Sept. 1, 2018
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I chose 4NT under the assumption that is keycard for s.

Presumably, every partnership has a clear agreement about what 4NT is on this auction type.

If key-card 4NT not available, this is very tough.
6 (or 7) could be lay-down, or partner might have e.g.
Jx-Kx-QJxxx-KQJx.
I'd be torn between 4 and 6.
Very hard to say what the probability is that partner has what is needed for 6 (or more) on this auction.
Sept. 1, 2018
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I think this is just unlucky.
While I won't go so far as to say partner has too much for his raise to 3, he certainly has an absolute max.

Suppose his hand were instead: xx-AQJx-AKxx-KJx.
That is a fine, sound raise to 3 (not at all scraping the bottom), yet 4 has zero play opposite your hand.

The problem is that there is just not enough bidding space for accurate bidding. If partner is going to worry too much about your having near zero for your forced 2 advance, he is going to miss a lot of games when he passes or raises only to 3 and you have something.

The raise to 3 should ideally show around 17-18 “support points”, so that if you are at the top of your bid (7-8 points), you bid game.

Here, he has 20 support points, which is quite a bit above the expected 17-18.

You have 6 “points” (counting 1 extra for the 5th ). So you are a bit thin to raise 3 to 4, but close. In a sense, you actually have 7 “support points” because the doubleton turns out to be valuable. But normally, advancer doesn't count anything for a doubleton in the suit partner doubled, because it is expected that doubler will have two or fewer cards in that suit.
Here, that proved to be incorrect which also contributed to missing a cold game.

So, in my view, you have a max pass of 3 and partner is a bit too heavy for 3 (although that choice could be the winner if he catches you with “nothing”).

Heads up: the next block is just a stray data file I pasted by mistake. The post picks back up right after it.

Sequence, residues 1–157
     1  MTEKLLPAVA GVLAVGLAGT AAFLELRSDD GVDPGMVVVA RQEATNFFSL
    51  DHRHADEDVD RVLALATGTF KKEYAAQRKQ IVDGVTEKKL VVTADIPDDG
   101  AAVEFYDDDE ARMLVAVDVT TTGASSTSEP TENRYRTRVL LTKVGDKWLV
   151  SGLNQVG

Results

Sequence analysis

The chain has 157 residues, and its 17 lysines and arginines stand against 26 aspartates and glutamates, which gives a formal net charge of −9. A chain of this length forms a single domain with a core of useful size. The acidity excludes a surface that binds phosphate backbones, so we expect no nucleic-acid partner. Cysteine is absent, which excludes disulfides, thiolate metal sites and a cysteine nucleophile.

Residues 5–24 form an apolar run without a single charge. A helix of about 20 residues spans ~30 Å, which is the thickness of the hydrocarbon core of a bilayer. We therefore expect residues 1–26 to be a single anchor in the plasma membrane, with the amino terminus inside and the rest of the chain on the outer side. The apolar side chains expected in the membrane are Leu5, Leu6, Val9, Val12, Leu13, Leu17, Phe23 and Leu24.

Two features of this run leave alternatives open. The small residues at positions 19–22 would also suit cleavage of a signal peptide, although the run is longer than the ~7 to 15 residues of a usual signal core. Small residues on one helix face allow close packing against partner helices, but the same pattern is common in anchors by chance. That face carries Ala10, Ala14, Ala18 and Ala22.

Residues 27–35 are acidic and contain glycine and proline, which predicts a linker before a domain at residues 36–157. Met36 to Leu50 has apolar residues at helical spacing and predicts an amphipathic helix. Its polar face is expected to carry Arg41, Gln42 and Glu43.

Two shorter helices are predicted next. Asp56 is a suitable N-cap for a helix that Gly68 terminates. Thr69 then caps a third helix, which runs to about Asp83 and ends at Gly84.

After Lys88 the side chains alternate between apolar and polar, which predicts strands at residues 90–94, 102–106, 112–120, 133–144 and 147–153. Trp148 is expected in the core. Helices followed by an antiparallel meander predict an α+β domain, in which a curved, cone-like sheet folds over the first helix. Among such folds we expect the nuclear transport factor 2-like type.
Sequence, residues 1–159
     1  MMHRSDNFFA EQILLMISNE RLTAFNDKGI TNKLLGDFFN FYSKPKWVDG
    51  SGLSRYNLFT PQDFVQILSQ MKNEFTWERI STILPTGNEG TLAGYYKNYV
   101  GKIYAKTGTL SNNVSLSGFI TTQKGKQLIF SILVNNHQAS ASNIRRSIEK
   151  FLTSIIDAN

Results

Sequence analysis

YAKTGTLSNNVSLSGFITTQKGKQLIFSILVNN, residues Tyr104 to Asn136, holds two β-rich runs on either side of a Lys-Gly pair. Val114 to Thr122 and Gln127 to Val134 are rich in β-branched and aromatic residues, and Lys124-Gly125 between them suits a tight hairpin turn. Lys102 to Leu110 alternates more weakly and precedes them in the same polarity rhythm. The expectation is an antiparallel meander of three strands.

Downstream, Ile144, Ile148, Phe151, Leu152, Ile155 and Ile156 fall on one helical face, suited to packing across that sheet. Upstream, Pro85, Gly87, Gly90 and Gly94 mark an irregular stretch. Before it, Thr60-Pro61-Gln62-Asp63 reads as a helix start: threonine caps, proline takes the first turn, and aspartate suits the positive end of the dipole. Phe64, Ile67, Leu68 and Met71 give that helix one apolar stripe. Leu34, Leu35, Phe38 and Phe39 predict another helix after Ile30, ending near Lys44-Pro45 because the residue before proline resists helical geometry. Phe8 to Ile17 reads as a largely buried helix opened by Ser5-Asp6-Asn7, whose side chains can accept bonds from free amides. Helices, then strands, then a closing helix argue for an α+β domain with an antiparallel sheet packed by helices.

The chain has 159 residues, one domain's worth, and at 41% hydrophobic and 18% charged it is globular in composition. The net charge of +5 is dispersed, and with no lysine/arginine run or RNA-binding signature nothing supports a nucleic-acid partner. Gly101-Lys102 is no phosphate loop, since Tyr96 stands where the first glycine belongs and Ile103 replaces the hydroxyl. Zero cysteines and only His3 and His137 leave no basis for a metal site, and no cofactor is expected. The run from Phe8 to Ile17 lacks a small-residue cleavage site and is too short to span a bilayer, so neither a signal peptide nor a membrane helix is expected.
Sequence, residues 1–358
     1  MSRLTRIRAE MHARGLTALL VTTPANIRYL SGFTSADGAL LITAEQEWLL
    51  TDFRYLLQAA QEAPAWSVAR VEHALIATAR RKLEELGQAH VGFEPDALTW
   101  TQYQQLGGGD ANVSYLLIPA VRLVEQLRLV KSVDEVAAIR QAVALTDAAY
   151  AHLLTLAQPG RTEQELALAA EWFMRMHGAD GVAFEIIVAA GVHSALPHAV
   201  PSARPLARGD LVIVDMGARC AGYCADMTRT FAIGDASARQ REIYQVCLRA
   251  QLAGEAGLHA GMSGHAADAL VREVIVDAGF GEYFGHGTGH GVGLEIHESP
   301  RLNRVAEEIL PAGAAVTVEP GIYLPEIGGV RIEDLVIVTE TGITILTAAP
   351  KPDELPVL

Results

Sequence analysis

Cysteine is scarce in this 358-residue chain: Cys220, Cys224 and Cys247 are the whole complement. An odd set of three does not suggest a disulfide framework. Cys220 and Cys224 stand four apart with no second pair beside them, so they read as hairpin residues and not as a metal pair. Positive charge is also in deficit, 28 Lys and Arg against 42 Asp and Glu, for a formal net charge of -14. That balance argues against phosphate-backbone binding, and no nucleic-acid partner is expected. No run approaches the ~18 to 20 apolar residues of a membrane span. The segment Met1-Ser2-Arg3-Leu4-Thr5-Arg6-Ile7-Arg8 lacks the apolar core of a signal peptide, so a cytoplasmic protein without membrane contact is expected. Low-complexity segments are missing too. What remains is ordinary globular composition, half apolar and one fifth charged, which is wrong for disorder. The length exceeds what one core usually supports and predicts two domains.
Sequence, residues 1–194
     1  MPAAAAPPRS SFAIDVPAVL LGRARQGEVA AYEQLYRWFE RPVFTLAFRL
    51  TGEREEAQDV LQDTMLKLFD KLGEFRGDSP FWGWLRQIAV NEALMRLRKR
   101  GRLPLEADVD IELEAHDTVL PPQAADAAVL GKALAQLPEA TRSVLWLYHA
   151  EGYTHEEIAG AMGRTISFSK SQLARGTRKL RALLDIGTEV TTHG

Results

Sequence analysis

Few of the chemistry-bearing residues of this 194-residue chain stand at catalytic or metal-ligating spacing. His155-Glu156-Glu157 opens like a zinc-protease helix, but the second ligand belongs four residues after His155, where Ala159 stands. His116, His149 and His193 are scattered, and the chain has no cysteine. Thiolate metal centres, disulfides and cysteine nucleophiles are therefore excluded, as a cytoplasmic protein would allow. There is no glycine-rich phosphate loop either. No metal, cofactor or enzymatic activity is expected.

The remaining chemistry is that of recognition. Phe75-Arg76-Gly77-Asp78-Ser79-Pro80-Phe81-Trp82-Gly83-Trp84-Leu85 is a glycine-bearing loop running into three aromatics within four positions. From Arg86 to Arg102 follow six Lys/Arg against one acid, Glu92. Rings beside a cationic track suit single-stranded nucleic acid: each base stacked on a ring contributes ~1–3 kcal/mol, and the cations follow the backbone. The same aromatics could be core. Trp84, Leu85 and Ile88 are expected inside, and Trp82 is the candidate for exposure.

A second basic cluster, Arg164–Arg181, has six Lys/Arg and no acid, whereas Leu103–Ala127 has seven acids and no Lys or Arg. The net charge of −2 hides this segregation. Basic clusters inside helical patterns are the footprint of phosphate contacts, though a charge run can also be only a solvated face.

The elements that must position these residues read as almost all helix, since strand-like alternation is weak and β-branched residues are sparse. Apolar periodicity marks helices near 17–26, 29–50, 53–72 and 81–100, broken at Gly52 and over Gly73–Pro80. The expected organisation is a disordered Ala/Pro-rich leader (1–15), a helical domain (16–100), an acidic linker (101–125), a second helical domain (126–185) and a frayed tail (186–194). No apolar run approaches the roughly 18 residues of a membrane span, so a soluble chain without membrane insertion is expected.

Sept. 1, 2018
Craig Zastera edited this comment Sept. 1, 2018
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Best way to start with a problem like this is to run simulations consistent with the bidding and South hand.

The constraints are pretty well-defined. Could do even better if East's (favorable vul) pre-empting style had been specified.

Anyway, I assumed East has 7 s to the QJ, QJT, or QT with no more than 9 HCPs.

Partner can have a balanced hand of up to 11 HCPs or most any hand up to 9 points (but I eliminated weak 2s or higher pre-emptive openers). I disallowed 10-11 HCP hands that count to 13 or more “Goren points” (3/2/1 for void/stiff/doubleton) under the assumption that partner might have opened those.

I did a 2000 deal simulation with above assumptions.

3NT made slightly more often than 4–58% vs. 54%

However, variance in 3NT was huge. Sometimes as few as 2 tricks are available in NT, and sometimes up to 13.
3NT made fewer than 7 tricks on 18% of the deals, while 3 made fewer than 7 tricks on only 3% of the deals.

This variance resulted in 3NT and 4 being virtual ties at IMPs: NV, 3N beat out 4 by 178 IMPs, while VUL 4 beat 3NT by 22 IMPs (remember, this is over 2000 deals).

If this were matchpoints, 3NT would prevail over 4 with about 57% (BAM scoring).

Just the above would suggest (VUL at IMPs), it is a virtual toss-up between 4 vs. 3NT.

However, the added flexibility of 3, I think, makes that call the winner. By bidding 3, we will sometimes play in 3 (when partner is weak with modest s) and sometimes in 4 (when partner has a decent combination of support and values).

This flexibility should push the 3 overcall into the lead.
We will often reach 4 when it is a good contract and often stop in 3 when 4 would be too high.

Contrast this with 3NT which will almost always end the auction (for better or worse).
Sept. 1, 2018
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Anyone who opens 1NT with this hand should not be allowed to write “15-17” on their card.
Sept. 1, 2018